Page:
Study Guide

Carrie Roadhouse

By Stephen King


The Dancing is Over, Now It Gets Dirty

A roadhouse is an inn-meets-bar known for seedy behavior. Why do we bring this up? Roadhouses are featured prominently in Carrie. And, as you might suspect, the roadhouses in this book serve as catch-all symbols for all-things-evil.

Just like breasts. And blood. Mr. King is really into writing about evil, didn't you know? And unfortunately for Carrie, though, there's no Patrick Swayze in her town's roadhouses. (Unlike in Dirty Dancing—do we really have to explain that joke to you?)

But we're getting off-topic. Margaret White, Carrie's zealous, god-fearing Momma, is fixated with roadhouses. Surprise, surprise. At one point, she says:

It comes at night. It will make you think of the evil that goes on in parking lots and roadhouses. (1.257)

Blech, Margaret is so vague sometimes. It's hard to tell what it is here. Evil? A man's penis? Both? In any case, she has good reason to be repelled by roadhouses. Her sinning (her word, not ours) parents owned a roadhouse when she was growing up: The Jolly Roadhouse.

Her dad was killed there in a barroom fight. That would leave a psychological scar on any girl.

That's not the only roadhouse in Carrie, though. There's also the Cavalier, the roadhouse where Chris and Billy Nolan met before the book began, which is "perhaps the very one where the doom of [Carrie's] creation had begun" (2.889). Huh?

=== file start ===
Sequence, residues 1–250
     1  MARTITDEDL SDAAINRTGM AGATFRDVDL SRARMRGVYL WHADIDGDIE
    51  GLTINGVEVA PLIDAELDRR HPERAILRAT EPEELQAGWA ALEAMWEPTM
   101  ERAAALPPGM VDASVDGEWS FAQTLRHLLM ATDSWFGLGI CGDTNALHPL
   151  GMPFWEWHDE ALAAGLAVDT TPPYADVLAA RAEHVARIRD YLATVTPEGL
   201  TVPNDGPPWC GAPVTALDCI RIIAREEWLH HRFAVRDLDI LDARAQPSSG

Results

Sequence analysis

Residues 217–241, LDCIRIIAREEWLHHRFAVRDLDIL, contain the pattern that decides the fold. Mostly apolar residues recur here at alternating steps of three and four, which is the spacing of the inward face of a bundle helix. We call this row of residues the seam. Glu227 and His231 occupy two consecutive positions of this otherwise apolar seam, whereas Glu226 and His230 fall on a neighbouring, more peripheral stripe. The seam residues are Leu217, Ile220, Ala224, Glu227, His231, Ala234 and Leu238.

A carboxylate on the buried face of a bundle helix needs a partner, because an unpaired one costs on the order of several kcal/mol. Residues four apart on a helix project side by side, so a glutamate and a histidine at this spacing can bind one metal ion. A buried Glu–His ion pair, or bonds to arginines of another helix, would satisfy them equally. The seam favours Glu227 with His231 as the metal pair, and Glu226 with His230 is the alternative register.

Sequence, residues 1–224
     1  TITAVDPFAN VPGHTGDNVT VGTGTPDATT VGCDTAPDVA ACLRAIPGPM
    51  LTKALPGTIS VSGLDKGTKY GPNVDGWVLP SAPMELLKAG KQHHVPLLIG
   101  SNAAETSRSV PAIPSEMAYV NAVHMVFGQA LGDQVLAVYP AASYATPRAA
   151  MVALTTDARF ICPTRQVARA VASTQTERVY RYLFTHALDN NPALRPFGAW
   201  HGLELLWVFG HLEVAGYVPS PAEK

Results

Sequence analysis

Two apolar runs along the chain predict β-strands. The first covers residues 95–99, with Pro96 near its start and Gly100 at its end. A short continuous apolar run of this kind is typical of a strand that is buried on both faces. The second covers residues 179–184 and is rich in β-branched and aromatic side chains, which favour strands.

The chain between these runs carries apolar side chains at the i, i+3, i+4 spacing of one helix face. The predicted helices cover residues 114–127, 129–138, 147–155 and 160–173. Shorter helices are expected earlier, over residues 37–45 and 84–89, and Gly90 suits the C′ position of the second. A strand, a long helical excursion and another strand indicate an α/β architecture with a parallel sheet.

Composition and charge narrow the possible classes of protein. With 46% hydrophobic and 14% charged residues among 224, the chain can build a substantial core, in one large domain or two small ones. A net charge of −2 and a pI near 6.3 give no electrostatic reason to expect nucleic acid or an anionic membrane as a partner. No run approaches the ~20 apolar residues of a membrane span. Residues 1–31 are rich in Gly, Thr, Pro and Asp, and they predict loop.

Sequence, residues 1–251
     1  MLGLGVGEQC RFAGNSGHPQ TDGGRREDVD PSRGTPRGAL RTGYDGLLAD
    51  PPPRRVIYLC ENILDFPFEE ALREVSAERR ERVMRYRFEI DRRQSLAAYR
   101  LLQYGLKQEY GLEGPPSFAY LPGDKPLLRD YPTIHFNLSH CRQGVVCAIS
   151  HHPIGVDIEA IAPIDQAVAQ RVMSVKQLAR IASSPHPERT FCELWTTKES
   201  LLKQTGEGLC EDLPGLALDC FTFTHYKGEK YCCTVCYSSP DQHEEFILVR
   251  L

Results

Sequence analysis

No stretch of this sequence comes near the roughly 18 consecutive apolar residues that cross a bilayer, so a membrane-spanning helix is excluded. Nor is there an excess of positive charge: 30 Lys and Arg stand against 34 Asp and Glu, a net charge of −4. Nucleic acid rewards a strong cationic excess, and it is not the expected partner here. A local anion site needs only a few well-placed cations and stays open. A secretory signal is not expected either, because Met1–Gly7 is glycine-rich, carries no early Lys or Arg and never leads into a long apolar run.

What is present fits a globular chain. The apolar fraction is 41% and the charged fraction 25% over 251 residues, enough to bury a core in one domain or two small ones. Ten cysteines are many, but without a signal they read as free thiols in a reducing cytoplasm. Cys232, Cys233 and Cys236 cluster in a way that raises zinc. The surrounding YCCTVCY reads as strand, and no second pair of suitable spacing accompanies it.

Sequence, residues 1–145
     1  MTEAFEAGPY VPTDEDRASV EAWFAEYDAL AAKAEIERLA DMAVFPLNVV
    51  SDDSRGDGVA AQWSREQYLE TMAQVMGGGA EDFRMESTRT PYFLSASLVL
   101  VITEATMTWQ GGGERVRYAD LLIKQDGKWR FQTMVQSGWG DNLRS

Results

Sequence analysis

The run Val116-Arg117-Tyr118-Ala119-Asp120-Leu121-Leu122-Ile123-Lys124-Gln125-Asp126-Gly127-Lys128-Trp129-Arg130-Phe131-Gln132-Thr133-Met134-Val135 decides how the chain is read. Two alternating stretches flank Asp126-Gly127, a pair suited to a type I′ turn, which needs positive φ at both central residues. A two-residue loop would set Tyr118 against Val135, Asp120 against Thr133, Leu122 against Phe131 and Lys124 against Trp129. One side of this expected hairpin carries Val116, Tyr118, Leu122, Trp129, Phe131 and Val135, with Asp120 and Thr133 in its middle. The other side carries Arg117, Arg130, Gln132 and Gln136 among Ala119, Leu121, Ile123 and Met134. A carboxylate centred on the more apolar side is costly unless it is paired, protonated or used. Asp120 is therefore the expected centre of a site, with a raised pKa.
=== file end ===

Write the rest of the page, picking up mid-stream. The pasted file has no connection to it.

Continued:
See, Margaret's husband, Ralph, often went to the Cavalier to drink. And when he drank, he got randy. So Carrie may have just been conceived in the parking lot of the roadhouse where Carrie eventually kills Billy and Chris. Wild, right?

We mean, Margaret isn't wrong when says, "I know where [men] take you in their cars. City limits. Roadhouses. Whiskey" (1.711). We've been teenagers.

At the end of the book, Carrie burns down the Cavalier. We're not positive she knows Billy and Chris are in there at that point. But we do know that Carrie is turning into her mother; a self-righteous crazy-person who thinks it's her personal responsibility to vanquish sin in the world.

And taking out a roadhouse sure is a decent start.

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